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What codec are you using? What kind of hard drive is the file playing from? A lossless HD file can typically only be played back with fast video RAID drives. Odds are your hard drive simply can't read the data fast enough to playback.
Try rendering preview versions of the files in H.264 codec (or similar) for viewing at full speed.
Right after I posted my question I realized what was wrong. I was trying to import the .mpeg file directly into After Effects instead of exporting as a .avi file (from Adobe Premiere) first. I remember reading somewhere that After Effects doesn't work real with with .mpeg, you need to convert to .avi or .mov first and THEN import into After Effects. The only problem is that when I export the .mpeg into a .avi file it looks like crap....
I stepped on your reply as I was writing an update. You asked about what codec I'm using. Well, I'm totally confused right now. When I select "Export-->Adobe Media Encoder", I have "MainConcept Mpeg" (outputing to MPEG2). I can't remember how to see the available codec's, something I just found 5 minutes ago but don't remember how I did. Whatever screen it was that showed all the available codecs I remember seeing Xvid (for mpeg4).
I have to start writing down what I do to get the results I want when by some miracle I do get good results. I don't work with video editing enough to know what the heck I'm doing.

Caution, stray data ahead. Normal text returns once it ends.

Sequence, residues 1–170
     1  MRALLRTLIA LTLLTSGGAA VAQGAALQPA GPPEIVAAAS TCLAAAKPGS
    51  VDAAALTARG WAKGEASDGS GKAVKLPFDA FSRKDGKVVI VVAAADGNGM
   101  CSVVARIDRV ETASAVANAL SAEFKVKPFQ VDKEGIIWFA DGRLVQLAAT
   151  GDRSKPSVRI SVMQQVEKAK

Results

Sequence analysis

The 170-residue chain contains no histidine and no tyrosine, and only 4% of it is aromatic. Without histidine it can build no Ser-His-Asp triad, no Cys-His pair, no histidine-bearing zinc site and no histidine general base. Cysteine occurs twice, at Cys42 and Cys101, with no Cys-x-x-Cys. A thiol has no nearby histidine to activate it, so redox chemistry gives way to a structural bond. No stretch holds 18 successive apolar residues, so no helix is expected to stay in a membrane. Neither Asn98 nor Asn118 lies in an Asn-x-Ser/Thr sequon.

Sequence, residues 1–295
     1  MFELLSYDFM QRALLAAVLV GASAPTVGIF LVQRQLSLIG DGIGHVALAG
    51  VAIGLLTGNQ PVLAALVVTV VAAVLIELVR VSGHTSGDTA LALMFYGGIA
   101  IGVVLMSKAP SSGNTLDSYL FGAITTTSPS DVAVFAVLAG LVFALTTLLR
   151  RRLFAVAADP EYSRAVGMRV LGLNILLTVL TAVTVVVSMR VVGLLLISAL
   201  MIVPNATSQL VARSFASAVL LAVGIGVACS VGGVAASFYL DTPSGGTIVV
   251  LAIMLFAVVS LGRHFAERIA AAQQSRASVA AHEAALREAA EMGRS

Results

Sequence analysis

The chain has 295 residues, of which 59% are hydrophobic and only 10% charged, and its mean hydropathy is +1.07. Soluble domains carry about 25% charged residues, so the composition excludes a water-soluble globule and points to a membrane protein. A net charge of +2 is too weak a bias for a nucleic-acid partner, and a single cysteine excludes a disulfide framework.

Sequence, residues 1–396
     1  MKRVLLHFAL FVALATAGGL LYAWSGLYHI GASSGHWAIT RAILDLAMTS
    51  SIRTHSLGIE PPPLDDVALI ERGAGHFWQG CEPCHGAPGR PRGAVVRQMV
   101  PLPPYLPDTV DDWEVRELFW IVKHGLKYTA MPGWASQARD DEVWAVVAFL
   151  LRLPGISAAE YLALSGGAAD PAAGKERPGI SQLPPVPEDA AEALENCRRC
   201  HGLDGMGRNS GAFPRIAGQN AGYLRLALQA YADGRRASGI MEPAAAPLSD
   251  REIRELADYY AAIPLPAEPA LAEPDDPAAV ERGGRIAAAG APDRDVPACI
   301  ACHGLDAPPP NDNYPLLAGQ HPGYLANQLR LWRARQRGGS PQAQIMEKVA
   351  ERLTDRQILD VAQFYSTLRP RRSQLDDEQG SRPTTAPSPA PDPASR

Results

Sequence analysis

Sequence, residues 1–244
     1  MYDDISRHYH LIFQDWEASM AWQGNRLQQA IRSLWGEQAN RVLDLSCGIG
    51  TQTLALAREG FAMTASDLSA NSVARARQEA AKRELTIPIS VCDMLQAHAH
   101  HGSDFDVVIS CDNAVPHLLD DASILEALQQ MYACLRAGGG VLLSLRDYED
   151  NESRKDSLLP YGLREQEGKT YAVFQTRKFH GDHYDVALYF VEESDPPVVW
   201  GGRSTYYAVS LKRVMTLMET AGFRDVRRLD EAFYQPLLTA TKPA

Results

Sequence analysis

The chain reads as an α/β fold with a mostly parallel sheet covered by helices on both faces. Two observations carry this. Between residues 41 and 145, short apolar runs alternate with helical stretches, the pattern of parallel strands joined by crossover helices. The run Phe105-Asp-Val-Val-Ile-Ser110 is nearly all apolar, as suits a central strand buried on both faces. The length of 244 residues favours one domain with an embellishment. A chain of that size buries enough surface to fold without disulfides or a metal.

(FYI, the drive I'm using is an internal SAS 7200 rpm drive).
Alison, HD footage+huge file = high data rate per second. That's all that counts. It's quite possible to play back large files, but this requires a different means of lowering data rates which in turn means you need to use some sort of compression. For just checking on your computer, WMV would be preferrable, but you should be able to use H.264 as well, even more so if you use alternate players like VLC which handle this mucho better than Windows Media Player. Likewise, you can of course use Quicktime H.264/ MP4. As for your other problem - AE does handle a variety of of MPEG flavors as source files, which should include all standardized formats produced by (professional) video cameras, meaning MXF, HDV and several MPEG-2 vraiants. AVCHD is supported in CS4 only, though. Other formats e.g. such as used in digital photo cameras with movie recording functions may not be covered, it just depends. There's simply too many variations out there to cater for them all. So if you have the time, it may still be worth giving it a try to avoid those pesky conversions in the future.